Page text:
Kotlin Multiplatform – handling different environments

  • Scope:
  • Mobile Development
  • Product Design
Kotlin Multiplatform – handling different environments
Date: January 16, 2023 Author: Mateusz Nadolski 3 min read

We love trying out new technologies at Tooploox. That’s why we’ve recently been experimenting with the Kotlin multiplatform (KMM) to see if we can use it in production applications built for our clients to save development time and money. 

First, we built a mobile application for one of our internal projects and then decided to give it a spin in one of our commercial projects. 

There are a lot of challenges when using the Kotlin multiplatform as it’s an emerging technology and we’d like to share our solution with the community on how to handle multiple environments.

What this blog post will cover:

  • Instructions on how to pass the chosen environment as an argument when building a shared KMM module from the iOS app.

What you won’t find in this blog post:

  • Detailed instructions on how to configure and set up build types and environments on the iOS side using build configurations and `.xcconfig` files. There are plenty of existing tutorials adequately covering this topic. If you want to dive deep into this topic I really recommend this tutorial: Building Your App Using Build Configurations and .xcconfig
  • Detailed instructions on how to configure and set up build types and environments on the Android side. We used BuildKonfig to set up Dev and Prod configurations. It’s pretty straightforward, feel free to check out this commit to see implementation details. Then if you need to use `baseUrl` somewhere in the shared module then you just need to place `import com.yuki.shared.BuildConfigData` at the top of your file and simply use `BuildConfigData.baseUrl`.

So let’s run Xcode and see how we can configure our project to support Development (referred to as `dev` in code) and Production (referred to as `prod` in code) environments in a Kotlin Multiplatform project. For the purpose of this tutorial, I used a kmm-basic-sample as an example project so I didn’t have to set up a new KMM project from scratch.

  1. First, we need to create configs for each of the build types and environments we want to support.
    1. Build types
      I created `Debug` and `Release` configs to handle different build types. All you have to do is add `KOTLIN_FRAMEWORK_BUILD_TYPE = Debug` and `KOTLIN_FRAMEWORK_BUILD_TYPE = Release` respectively in the Debug.xcconfig and Release.xcconfig files (please refer to the tutorial linked in the paragraph above to see how to add .xcconfig files to your project).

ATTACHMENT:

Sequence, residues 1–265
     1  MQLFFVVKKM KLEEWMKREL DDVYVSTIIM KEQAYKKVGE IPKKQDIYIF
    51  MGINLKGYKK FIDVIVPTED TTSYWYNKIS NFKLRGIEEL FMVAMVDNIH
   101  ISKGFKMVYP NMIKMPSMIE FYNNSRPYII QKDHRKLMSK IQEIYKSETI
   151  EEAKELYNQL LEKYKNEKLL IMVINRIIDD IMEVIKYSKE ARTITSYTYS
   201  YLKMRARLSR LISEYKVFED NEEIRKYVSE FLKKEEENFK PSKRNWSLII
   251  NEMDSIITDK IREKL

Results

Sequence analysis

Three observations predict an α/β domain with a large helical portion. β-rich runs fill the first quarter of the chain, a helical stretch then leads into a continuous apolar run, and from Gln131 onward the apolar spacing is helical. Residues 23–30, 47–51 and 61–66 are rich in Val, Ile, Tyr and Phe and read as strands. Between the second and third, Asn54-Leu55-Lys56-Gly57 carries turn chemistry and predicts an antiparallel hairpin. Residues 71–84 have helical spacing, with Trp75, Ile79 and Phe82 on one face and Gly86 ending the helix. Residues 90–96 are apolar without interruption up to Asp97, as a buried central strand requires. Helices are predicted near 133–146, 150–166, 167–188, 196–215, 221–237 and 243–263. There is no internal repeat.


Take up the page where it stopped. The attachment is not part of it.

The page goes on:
2. Environments
      I created `Development` and `Production` .xcconfig files to handle different environments. All you have to do is to add `KMM_FLAVOR = dev` and `KMM_FLAVOR = prod` respectively in the Development.xcconfig and Production.xcconfig files. Make sure that `dev` and `prod` are the names of the configs provided on the Android side. We’ll pass them later on as arguments when building our shared module.
  1. When you have those config files created you need to use them to set up configurations for your project in Xcode. Take a look at the screenshot below to see how I configured them.

  2. Optionally you can create separate schemes for every environment so you can easily switch between the two versions of your app, one pointing to the Development environment and the second to Production. Take a look at the screenshot below to see how I configured the Debug-Dev scheme using configs created in Step 2.

  3. The final step is to pass the selected environment when building a shared KMM module, in order to do so we have to replace the default run script:
cd "$SRCROOT/.."
./gradlew :shared:embedAndSignAppleFrameworkForXcode


cd "$SRCROOT/.."
./gradlew -i :shared:embedAndSignAppleFrameworkForXcode -P buildkonfig.flavor=$KMM_FLAVOR

I prepared a repository with a sample project as complementary material for this blog post. Feel free to check it out.

It took us some time to research this topic and come up with this solution so hopefully, this tutorial will save you some time. I’d like to give credit to my colleague Przemysław Stasiak for helping me out with research and this blog post. Feel free to send us any questions if you have any.

Read also: Understanding Android Gradle build files